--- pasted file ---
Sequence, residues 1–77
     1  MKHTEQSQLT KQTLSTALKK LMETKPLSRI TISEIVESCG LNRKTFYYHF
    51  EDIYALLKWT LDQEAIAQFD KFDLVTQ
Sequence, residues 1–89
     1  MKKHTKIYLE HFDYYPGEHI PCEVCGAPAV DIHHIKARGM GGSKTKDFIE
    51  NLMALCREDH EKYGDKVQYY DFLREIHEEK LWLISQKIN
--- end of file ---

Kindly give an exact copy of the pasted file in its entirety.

Sequence, residues 1–77
     1  MKHTEQSQLT KQTLSTALKK LMETKPLSRI TISEIVESCG LNRKTFYYHF
    51  EDIYALLKWT LDQEAIAQFD KFDLVTQ
Sequence, residues 1–89
     1  MKKHTKIYLE HFDYYPGEHI PCEVCGAPAV DIHHIKARGM GGSKTKDFIE
    51  NLMALCREDH EKYGDKVQYY DFLREIHEEK LWLISQKIN